Dec.4, 2012

How can 3D printing technology be scaled to building-sized construction? Neri Oxman believes we will soon be able to 3D print buildings. She's experimenting at MIT's Media Lab a novel method of mobile swarm printing that allows small robotic agents to construct large structures.

The robotic agents extrude a fast curing material which doubles as both a concrete mold for structural walls and as a thermal insulation layer. This technique offers many benefits over traditional construction methods, such as speed, custom geometry, and cost. As well, direct integration of building utilities like wiring and plumbing can be incorporated into the printing process. Oxman hopes that the 3D printing process will eventually include wiring and plumbing.

At the Media Lab, nature's design principles has been applied in the design of digital fabrication technology. For example, Spiderbot project, is a large scale 3D printer designed by Ben Peters, a mechanical engineering student. The SpiderBot is a cable-suspended robotic gantry system that provides an easily deployable platform from which to print large structures.

The body composed of a deposition nozzle, a reservoir of material, and parallel winching electric motors. Cables from the robot are connected to stable points high in the environment, such as large trees or buildings. This actuation arrangement is capable of moving large distances without the need for more conventional linear guides, much like a spider does. The system is easy to set up for mobile projects, and will afford sufficient printing resolution and build volume. Fast-curing materials like expanding polyurethane foam can be deposited to create a building-scale printed object rapidly. Another material type of interest is the extrusion or spinning of tension elements, like rope or cable. With tension elements, unique structures such as bridges or webs can be wrapped, woven, or strung around environmental features or previously printed materials.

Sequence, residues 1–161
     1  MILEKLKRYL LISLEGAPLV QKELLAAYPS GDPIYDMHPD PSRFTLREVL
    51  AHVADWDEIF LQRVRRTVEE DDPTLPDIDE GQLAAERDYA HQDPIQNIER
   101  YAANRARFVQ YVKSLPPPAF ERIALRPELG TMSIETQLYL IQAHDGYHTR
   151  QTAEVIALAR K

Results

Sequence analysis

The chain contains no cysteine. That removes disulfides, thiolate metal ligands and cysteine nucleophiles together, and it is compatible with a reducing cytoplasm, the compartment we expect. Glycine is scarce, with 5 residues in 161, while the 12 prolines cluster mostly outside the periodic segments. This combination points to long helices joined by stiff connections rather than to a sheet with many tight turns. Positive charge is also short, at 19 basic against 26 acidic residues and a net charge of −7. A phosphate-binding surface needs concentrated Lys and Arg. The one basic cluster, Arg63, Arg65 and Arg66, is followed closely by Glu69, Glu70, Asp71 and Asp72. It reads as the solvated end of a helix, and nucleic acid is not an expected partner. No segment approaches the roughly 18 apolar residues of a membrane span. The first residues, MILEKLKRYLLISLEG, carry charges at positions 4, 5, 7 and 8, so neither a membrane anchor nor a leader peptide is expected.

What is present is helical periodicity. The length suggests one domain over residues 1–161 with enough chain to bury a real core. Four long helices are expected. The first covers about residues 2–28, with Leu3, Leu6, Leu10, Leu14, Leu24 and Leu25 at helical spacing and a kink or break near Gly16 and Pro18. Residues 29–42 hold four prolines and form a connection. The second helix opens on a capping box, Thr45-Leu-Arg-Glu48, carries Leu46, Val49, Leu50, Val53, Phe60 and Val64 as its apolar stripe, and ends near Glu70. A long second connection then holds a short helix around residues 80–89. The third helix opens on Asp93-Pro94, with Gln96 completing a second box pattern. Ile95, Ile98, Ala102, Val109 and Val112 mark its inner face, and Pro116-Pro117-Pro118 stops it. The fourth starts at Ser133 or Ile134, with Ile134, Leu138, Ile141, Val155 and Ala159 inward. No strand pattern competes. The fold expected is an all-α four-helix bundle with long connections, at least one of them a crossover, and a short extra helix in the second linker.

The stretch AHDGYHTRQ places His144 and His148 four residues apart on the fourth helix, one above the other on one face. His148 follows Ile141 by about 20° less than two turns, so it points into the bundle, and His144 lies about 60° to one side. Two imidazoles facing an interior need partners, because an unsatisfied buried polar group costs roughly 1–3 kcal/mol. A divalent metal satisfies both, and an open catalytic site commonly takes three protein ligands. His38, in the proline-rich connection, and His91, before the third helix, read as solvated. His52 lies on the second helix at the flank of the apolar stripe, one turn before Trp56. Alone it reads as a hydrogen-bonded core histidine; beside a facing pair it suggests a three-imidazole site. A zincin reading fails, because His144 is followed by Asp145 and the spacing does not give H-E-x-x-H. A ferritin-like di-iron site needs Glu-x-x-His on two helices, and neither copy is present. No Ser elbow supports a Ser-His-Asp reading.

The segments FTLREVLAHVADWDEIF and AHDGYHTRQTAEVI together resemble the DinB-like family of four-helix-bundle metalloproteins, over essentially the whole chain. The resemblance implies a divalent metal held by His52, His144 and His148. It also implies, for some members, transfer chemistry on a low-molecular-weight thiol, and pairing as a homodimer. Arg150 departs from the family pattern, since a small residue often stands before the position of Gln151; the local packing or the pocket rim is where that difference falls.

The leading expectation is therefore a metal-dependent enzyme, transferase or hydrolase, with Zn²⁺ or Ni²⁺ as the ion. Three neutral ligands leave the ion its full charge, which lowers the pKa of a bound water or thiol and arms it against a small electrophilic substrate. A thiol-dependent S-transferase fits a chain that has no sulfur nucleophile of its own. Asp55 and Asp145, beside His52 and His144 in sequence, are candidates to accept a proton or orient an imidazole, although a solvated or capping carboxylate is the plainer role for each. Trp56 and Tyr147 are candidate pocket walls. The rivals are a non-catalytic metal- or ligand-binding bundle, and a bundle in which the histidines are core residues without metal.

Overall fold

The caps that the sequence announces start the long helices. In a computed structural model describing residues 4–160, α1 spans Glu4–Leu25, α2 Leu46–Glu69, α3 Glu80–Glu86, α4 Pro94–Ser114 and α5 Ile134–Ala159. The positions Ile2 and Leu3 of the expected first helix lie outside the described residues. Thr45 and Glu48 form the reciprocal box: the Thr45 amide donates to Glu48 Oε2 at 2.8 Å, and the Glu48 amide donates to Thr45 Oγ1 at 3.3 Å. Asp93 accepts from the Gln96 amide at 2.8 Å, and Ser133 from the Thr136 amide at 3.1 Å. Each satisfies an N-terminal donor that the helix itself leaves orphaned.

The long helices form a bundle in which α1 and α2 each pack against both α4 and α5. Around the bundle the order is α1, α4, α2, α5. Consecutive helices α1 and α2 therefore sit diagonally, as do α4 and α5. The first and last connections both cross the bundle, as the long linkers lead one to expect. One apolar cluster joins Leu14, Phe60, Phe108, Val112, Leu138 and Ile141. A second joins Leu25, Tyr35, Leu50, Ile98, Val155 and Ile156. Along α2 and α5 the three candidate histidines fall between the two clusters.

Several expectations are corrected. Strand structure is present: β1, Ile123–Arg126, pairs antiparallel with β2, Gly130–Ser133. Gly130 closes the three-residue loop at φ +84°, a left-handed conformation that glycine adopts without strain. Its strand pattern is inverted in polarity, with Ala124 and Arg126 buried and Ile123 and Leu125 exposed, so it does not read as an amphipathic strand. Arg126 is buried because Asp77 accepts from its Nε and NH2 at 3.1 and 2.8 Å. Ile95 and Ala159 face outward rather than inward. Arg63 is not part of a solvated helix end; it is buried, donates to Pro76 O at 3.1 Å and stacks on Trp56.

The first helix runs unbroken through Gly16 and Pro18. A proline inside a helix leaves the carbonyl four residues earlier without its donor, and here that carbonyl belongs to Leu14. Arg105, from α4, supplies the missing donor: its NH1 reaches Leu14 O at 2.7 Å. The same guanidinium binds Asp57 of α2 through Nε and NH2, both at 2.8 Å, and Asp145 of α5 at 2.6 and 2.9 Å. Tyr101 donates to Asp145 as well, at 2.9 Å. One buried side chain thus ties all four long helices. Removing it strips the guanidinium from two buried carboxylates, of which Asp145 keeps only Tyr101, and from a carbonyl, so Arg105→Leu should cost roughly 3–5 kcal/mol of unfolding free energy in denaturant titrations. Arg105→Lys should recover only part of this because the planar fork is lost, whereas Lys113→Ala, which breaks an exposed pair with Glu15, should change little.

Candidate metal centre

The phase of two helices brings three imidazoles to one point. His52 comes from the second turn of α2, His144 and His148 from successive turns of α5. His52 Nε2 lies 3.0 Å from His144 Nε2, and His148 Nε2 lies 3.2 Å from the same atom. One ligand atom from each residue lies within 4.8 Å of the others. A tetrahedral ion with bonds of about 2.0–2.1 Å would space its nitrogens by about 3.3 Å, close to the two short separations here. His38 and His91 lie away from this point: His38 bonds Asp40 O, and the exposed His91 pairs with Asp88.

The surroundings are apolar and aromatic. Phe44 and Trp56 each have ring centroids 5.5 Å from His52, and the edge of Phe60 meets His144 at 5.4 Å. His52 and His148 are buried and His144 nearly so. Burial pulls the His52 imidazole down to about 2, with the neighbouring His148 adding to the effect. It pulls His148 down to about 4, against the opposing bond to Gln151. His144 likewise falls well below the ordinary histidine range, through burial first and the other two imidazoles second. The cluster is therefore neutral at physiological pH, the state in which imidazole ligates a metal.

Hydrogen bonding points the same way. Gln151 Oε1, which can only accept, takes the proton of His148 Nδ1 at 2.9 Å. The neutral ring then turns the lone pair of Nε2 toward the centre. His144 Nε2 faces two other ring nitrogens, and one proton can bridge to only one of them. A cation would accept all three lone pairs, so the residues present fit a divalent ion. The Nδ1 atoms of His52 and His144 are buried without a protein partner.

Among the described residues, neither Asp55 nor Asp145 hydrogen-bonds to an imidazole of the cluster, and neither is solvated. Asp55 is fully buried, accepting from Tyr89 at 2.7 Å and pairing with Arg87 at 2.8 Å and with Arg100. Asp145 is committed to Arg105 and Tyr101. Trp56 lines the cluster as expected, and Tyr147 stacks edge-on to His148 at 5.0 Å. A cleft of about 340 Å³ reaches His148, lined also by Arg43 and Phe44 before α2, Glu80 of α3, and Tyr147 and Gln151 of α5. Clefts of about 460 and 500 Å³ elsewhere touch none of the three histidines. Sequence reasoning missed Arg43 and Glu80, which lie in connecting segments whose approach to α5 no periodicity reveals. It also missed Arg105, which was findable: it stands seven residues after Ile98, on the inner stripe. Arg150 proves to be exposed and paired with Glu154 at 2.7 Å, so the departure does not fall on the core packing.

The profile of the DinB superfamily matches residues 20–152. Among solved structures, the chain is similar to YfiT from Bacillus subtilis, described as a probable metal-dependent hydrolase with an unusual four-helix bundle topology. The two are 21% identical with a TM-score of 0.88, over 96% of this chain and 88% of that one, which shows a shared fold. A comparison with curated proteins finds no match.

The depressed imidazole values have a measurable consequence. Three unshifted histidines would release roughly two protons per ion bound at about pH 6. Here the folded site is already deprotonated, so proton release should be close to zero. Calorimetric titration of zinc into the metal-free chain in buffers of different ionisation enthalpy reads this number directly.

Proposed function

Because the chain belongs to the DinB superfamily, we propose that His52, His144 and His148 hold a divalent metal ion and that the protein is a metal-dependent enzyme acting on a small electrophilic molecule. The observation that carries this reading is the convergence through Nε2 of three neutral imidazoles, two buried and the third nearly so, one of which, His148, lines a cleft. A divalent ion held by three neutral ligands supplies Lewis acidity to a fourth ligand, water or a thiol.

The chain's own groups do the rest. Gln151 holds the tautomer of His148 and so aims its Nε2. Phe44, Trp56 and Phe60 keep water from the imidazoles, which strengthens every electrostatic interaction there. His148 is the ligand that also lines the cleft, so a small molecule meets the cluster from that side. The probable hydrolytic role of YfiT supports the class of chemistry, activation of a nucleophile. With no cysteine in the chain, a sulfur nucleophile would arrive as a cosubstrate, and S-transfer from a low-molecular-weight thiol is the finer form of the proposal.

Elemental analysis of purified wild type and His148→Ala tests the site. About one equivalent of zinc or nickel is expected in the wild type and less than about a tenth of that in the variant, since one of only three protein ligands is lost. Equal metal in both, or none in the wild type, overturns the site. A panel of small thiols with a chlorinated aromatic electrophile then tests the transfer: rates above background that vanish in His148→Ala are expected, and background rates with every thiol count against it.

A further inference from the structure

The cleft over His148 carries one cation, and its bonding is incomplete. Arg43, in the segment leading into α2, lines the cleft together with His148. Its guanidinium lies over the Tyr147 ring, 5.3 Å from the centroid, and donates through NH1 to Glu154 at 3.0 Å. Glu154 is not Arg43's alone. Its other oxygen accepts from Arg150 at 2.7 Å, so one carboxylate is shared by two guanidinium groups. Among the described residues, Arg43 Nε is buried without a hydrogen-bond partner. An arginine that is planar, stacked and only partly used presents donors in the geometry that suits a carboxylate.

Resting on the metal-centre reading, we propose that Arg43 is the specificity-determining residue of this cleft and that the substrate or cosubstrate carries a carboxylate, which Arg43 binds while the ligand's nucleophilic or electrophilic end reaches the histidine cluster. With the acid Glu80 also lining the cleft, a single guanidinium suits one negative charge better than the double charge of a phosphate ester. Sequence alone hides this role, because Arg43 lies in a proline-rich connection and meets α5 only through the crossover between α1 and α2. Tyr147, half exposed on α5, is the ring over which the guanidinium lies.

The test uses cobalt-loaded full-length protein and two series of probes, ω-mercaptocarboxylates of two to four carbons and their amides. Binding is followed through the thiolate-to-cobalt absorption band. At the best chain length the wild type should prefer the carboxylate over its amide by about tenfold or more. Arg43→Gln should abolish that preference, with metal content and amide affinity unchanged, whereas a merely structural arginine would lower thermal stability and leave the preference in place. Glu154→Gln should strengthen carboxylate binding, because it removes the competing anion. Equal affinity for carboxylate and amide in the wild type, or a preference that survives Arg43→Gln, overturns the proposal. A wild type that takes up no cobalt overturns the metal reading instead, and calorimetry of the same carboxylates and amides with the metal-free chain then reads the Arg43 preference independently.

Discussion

(An initial prototype of the spiderbot, four winching motors, batteries and wireless controller. Works! | Images credit: Spiderbot)

Oxman says it is the "largest 3D printer in the world". She believes in the near future we will be able to apply digital fabrication to construction with each material providing a different function, on any scale, at anywhere, on demand. It may be a little while before we see such 3D printing robots runing around in our neighborhood, but 3D printed houses are becoming a reality, and construction is likely to get a lot more interesting.



Posted in 3D Printing Technology


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